Since sports betting became legal in the United States, sportsbooks have been racing to attract customers. That’s why bettors are inundated with welcome bonus ads that promise new users hundreds of dollars upon signup.
While that’s attractive to bettors, it’s expensive for sportsbooks. Larger sportsbooks can absorb the cost of acquiring and retaining customers with attractive bonuses. But smaller sportsbooks can’t spend that freely without bleeding cash. Larger sportsbooks can also buy other major sportsbook operators to acquire new technology. Owning technology allows sportsbook companies to be nimble enough to adapt to customer needs. Leasing technology limits sportsbooks, and can lead to obsolete features that make smaller sportsbooks unattractive to bettors. So, large operators have major advantages over their smaller competitors.
The combined pressures of high cash spend and high-dollar acquisitions are shrinking the sports betting industry. That has important policy implications for new sports betting markets that desire competitive sports betting industries.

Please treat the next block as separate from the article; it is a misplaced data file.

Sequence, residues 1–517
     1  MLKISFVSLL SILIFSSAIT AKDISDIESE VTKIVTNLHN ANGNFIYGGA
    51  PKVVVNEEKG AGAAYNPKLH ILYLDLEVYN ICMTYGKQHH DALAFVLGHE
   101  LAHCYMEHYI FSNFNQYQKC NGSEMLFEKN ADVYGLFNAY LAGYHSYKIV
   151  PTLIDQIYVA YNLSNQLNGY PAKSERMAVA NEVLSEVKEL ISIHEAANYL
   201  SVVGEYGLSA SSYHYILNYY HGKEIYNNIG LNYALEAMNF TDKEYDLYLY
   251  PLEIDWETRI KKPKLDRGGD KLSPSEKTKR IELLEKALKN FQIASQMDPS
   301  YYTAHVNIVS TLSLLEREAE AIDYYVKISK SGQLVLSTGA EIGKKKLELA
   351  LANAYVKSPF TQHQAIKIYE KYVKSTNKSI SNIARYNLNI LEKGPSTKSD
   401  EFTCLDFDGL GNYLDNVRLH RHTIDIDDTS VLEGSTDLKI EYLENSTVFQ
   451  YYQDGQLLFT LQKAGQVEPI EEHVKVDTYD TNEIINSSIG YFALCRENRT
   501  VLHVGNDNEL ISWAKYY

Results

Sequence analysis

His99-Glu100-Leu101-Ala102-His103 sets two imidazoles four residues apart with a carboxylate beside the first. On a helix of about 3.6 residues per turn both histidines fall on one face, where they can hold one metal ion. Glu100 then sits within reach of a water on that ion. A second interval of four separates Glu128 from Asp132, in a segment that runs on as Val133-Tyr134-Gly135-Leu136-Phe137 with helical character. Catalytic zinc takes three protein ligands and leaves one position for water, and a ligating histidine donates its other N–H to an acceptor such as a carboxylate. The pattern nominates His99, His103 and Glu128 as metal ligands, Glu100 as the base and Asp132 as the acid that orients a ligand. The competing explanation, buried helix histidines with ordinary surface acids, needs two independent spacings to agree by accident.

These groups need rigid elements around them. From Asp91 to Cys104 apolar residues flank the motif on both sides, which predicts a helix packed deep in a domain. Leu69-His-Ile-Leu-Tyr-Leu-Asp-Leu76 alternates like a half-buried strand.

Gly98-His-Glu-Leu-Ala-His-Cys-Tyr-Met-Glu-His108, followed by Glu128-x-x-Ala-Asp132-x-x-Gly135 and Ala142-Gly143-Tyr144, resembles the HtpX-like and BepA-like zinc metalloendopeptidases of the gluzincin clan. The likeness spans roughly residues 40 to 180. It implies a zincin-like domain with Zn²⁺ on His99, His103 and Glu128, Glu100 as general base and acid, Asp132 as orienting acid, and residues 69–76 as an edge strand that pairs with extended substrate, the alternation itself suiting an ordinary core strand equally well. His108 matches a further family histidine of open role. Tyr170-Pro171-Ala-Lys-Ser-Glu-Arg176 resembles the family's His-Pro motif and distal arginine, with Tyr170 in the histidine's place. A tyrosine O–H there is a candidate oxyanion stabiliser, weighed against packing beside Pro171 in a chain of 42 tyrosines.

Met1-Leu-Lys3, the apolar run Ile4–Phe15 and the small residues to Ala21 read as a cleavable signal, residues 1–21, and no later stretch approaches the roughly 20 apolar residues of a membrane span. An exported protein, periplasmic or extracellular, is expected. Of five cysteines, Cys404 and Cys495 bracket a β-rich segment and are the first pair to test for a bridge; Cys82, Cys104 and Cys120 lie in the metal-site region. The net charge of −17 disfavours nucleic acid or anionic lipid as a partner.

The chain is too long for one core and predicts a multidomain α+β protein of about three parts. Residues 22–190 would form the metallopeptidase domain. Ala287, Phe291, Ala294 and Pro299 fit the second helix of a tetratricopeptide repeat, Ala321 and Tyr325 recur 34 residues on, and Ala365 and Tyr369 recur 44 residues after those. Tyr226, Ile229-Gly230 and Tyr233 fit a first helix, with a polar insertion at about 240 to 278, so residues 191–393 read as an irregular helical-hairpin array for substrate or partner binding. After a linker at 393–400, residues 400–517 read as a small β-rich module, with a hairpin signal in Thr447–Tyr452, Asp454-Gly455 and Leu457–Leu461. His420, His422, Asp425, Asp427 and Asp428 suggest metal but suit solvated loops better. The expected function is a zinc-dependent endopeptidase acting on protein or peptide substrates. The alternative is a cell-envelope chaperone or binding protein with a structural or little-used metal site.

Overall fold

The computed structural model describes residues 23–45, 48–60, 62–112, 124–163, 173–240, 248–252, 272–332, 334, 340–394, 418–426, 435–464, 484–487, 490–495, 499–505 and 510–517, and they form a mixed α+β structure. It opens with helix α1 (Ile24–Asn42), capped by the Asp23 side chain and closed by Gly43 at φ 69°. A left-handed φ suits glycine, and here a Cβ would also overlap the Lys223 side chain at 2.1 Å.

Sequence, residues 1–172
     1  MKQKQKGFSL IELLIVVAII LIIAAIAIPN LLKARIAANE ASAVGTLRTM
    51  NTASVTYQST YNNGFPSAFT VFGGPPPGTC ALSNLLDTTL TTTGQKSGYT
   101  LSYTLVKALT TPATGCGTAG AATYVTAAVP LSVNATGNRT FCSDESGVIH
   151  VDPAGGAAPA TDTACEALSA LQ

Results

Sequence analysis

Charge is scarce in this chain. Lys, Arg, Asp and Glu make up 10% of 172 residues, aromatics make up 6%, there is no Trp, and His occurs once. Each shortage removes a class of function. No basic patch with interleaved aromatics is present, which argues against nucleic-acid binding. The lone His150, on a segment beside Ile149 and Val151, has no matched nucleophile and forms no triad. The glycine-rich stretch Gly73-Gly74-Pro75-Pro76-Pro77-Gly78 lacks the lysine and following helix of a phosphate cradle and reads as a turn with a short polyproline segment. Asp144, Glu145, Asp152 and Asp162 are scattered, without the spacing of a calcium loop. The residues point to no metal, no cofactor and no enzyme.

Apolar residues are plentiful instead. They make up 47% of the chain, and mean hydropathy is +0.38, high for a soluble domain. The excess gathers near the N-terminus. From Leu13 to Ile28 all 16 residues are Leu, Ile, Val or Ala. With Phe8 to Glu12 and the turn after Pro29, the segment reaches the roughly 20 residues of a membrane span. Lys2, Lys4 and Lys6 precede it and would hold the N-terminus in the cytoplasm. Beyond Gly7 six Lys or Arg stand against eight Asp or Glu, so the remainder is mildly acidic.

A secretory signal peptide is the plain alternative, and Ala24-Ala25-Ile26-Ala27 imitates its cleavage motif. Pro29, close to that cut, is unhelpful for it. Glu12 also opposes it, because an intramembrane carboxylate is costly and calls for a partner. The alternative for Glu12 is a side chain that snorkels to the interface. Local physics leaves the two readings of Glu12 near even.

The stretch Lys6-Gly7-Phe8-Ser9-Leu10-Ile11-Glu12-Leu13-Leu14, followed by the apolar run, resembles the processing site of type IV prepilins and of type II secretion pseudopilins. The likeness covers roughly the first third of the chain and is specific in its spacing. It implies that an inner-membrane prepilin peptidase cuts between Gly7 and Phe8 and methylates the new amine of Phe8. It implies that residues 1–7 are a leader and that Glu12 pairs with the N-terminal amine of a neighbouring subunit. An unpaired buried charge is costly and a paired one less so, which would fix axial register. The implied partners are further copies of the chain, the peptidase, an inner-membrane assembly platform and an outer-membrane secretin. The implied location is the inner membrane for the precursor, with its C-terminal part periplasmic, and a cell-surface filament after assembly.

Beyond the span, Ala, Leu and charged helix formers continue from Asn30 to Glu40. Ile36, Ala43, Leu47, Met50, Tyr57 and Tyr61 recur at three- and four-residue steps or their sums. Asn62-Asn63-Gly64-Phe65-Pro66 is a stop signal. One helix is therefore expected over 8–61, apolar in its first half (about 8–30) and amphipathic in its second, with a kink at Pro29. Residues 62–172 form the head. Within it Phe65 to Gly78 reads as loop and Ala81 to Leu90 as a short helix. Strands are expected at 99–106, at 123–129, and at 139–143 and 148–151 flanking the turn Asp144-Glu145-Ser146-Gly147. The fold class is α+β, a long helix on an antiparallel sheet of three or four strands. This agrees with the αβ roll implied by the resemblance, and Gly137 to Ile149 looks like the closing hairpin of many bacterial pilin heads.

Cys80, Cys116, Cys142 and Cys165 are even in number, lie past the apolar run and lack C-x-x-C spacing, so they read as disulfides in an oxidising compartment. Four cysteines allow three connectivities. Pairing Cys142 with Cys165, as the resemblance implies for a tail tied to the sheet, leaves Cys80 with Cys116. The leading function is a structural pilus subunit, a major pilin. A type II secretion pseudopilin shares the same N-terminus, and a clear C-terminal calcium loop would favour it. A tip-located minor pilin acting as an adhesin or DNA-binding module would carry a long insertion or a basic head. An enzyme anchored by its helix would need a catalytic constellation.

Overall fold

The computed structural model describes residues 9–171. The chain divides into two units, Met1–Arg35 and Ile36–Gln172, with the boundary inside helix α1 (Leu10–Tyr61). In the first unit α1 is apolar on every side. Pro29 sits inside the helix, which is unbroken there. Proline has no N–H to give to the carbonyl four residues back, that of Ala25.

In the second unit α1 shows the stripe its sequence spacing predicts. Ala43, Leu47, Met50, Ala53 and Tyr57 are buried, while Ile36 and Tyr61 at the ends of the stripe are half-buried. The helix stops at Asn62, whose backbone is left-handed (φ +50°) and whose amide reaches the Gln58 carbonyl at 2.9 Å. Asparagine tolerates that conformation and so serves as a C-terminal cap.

But an opportunity is hidden in this carnage. Startups who can overcome the industry’s high barriers to entry could become fierce competitors. All the traditional sportsbooks operate the same way. So, startups have a chance to acquire customers with a novelty product instead of expensive promotions. But after the bubble bursts, sportsbooks may face increased competition from other prediction market companies. Customers may want to try predicting other popular events once they’re comfortable—or bored—with betting on sports. The sports betting industry is in for a big shakeup.
How Promotions Drain Cash